The key thing, which @daniel alluded to, is that whatever html gets generated, whether JS is enabled or not, must be semantically correct so that assistive technology (such as a screen reader or braille device or screen magnifier) can understand it.
If you have important elements of your UI that are created on the fly in JS, and JS is turned off, then your page might not be accessible to some users, so in that respect, you would have to support a non-JS browser, but only because of the way you coded your page. If all the important elements are there without using JS, then you'd be ok. So it's not really a statement of whether non-JS browsers need to be supported, it's whether your html will be complete and usable without JS.
Update: November 14, 2018
Great discussion in the comments. It's a simple question but a complicated answer. I've read the conformance guidelines at least a dozen or more times thinking about this post (and thus delaying my reply).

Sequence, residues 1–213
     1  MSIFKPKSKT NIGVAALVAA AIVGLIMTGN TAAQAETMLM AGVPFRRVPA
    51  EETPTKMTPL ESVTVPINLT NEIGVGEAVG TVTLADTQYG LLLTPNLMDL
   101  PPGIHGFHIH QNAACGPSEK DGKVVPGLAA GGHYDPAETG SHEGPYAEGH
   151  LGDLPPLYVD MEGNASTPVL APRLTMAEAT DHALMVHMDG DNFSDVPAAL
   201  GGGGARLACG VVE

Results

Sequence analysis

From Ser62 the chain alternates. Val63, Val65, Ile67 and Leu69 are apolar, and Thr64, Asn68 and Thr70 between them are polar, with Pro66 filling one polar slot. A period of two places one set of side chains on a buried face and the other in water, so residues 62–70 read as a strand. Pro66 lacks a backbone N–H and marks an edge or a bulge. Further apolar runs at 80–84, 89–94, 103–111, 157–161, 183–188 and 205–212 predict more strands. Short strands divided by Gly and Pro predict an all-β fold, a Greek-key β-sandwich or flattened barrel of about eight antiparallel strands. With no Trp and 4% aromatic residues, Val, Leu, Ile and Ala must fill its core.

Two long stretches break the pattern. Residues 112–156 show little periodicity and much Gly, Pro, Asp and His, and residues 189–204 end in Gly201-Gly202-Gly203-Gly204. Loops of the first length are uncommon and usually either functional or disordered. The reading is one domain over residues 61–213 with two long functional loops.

@TripeHound touched on a key point,
If insisting on JS for the site to work is acceptable, and you pass WCAG with JS enabled, then everything is OK.
as did @Daniel,
if JS is disabled but it passes all criteria when JS is enabled (ha! Never happens)
that if the JS-supported page conforms to WCAG, then you can state that you rely on JS and you would not have to support a non-JS page. But again, that's only if your resulting JS page was conformant. If it was not conformant, then you would have to support a non-JS version.
So the short answer is the dreaded "it depends".
It's also worth reading WebAIM's take on this subject.
WebAIM's statement helps, but it's not authoritative. Certainly their opinion is based upon the guidelines, but just because someone states something, it doesn't make it true. Fortunately, if you read (and re-read) the conformance guidelines, in particular requirement #5, I think WebAIM's statement says the same thing but in plainer English.
And they have a somewhat expected qualifier:
This qualifier is somewhat alluded to in my original answer.
Given that the OP is 3 years old, I'm not sure anyone (other than us 3 :-)) will see this discussion. But I learned something.